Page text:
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TORONTO - As is often the case during the first weekend of the Toronto International Film Festival, two potential awards season contenders debuted within hours of each other Saturday night. In fact, "Dallas Buyers Club" and "Mandela: Long Walk to Freedom" premiered in theaters literally across the street from one another. And, happily, both have something to add to our long road to Oscar.
First up was Justin Chadwick's "Mandela" (the "Long Walk to Freedom" was suspiciously missing from the credits), which The Weinstein Company is releasing in the U.S. The officially sanctioned story of Nelson Mandela took over 25 years to reach the silver screen and the drama is carried by the impressive performances of Idris Elba as the iconic South African leader and Naomie Harris as his controversial wife, Winnie. Disturbingly, the first half of the film feels like a series of historical flashcards as quickly cut scenes follow Mandela from his years as a Johannesburg lawyer through his first failed marriage to his early days with the African National Congress. Chadwick doesn't allow (or wasn't allowed to let) the film to breathe at all until Mandela and four of his ANC brothers are sentenced to life in prison. From that point on the movie is actually somewhat captivating as Elba and Harris' efforts become more like real performances and less like trailer sound bites.
At the beginning of the picture Elba hardly looks anything like Mandela (Morgan Freeman was frankly a better double in "Invictus"), but his performance is captivating enough that when he finally gets the aid of some old age makeup in the final act, his casting makes perfect sense. Elba, who hasn't had the opportunity for awards-worthy roles outside of television, is fantastic in conveying Mandela's arc from disinterested bystander to anarchy-fueling activist to, finally, a man asking his people to forgive. The 41-year-old actor is particularly strong in his later scenes with Harris when Mandela is coming to grips with the fact that Winnie is no longer the woman he knew before his decades-long imprisonment.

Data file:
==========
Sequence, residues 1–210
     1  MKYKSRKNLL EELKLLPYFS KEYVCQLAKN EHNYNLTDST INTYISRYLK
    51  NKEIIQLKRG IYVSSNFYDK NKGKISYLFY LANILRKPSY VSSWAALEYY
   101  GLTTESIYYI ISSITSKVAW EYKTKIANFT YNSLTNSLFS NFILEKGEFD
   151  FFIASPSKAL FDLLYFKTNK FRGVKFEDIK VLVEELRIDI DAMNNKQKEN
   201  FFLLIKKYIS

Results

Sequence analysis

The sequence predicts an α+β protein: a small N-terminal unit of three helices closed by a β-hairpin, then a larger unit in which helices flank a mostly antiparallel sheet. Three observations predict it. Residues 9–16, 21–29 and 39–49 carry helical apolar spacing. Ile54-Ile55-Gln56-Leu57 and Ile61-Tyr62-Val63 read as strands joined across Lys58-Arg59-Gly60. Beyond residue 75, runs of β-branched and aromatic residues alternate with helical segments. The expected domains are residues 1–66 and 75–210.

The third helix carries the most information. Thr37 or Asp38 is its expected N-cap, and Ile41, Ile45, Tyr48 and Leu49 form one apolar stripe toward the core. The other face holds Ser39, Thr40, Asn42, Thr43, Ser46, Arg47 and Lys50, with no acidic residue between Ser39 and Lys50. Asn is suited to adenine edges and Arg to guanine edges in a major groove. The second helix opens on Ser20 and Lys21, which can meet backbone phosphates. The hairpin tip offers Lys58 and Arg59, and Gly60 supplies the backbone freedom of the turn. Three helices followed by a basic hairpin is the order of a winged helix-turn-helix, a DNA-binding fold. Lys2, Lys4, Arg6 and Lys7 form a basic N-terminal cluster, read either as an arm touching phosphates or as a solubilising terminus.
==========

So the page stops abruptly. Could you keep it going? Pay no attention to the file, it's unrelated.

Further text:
In terms of awards, you can easily write Elba in as a Golden Globe nominee, but like every actor contender in the Oscar race this year he faces some very stiff competition. His work here is certainly SAG and Academy Award nomination worthy and better than what you've seen in the movie's trailer. Whether he makes the final cut may depend more on the film's box office performance than anything else. This writer would actually suggest The Weinstein Company push "Mandela" to spring 2014 in order to allow it some breathing room against similarly themed films that will likely garner better overall reviews. A current Nov. 29 release date makes that highly unlikely, however, and box office prospects look slight. That means, for the moment, Elba could be on the outside looking in when it comes to Oscar.